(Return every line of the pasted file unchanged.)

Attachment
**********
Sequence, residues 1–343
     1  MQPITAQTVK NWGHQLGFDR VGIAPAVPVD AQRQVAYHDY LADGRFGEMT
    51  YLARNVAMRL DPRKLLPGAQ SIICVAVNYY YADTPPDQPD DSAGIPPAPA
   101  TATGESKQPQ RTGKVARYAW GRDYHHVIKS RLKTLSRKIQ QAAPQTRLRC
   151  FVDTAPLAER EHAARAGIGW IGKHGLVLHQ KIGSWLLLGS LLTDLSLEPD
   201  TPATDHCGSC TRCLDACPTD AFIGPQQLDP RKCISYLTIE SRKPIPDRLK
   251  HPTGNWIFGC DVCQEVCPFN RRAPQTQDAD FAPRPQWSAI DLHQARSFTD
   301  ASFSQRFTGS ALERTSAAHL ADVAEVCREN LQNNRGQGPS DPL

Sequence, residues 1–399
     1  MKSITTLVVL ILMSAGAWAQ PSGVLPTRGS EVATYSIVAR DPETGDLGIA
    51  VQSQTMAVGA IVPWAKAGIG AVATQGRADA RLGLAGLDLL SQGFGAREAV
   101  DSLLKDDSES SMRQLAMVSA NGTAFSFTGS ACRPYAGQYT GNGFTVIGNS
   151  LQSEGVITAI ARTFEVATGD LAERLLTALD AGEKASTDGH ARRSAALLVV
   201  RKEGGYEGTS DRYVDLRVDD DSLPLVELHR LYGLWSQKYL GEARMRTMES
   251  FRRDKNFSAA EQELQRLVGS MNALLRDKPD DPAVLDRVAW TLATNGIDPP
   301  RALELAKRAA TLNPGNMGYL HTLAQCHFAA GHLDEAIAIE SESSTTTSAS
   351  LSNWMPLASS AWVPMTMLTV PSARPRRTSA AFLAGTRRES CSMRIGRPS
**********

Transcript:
Sequence, residues 1–343
     1  MQPITAQTVK NWGHQLGFDR VGIAPAVPVD AQRQVAYHDY LADGRFGEMT
    51  YLARNVAMRL DPRKLLPGAQ SIICVAVNYY YADTPPDQPD DSAGIPPAPA
   101  TATGESKQPQ RTGKVARYAW GRDYHHVIKS RLKTLSRKIQ QAAPQTRLRC
   151  FVDTAPLAER EHAARAGIGW IGKHGLVLHQ KIGSWLLLGS LLTDLSLEPD
   201  TPATDHCGSC TRCLDACPTD AFIGPQQLDP RKCISYLTIE SRKPIPDRLK
   251  HPTGNWIFGC DVCQEVCPFN RRAPQTQDAD FAPRPQWSAI DLHQARSFTD
   301  ASFSQRFTGS ALERTSAAHL ADVAEVCREN LQNNRGQGPS DPL

Sequence, residues 1–399
     1  MKSITTLVVL ILMSAGAWAQ PSGVLPTRGS EVATYSIVAR DPETGDLGIA
    51  VQSQTMAVGA IVPWAKAGIG AVATQGRADA RLGLAGLDLL SQGFGAREAV
   101  DSLLKDDSES SMRQLAMVSA NGTAFSFTGS ACRPYAGQYT GNGFTVIGNS
   151  LQSEGVITAI ARTFEVATGD LAERLLTALD AGEKASTDGH ARRSAALLVV
   201  RKEGGYEGTS DRYVDLRVDD DSLPLVELHR LYGLWSQKYL GEARMRTMES
   251  FRRDKNFSAA EQELQRLVGS MNALLRDKPD DPAVLDRVAW TLATNGIDPP
   301  RALELAKRAA TLNPGNMGYL HTLAQCHFAA GHLDEAIAIE SESSTTTSAS
   351  LSNWMPLASS AWVPMTMLTV PSARPRRTSA AFLAGTRRES CSMRIGRPS